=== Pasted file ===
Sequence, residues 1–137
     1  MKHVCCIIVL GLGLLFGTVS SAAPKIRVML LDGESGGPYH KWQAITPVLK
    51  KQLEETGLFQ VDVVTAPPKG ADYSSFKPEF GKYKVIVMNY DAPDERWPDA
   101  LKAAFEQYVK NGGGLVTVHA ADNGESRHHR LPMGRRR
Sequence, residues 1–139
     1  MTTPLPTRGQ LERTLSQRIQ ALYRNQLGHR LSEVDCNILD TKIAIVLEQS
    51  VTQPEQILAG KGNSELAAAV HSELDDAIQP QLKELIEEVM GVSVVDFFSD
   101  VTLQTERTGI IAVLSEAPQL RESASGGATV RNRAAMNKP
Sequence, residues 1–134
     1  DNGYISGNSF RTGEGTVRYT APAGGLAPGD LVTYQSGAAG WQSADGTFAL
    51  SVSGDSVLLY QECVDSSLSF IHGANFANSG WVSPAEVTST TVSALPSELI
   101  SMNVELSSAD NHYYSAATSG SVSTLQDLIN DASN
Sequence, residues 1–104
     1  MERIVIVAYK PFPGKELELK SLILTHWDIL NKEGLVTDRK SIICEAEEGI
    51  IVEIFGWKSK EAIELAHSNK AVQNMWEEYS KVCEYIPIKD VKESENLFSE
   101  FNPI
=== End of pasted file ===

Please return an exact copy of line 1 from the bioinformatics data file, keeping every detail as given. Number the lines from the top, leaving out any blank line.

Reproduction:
Sequence, residues 1–137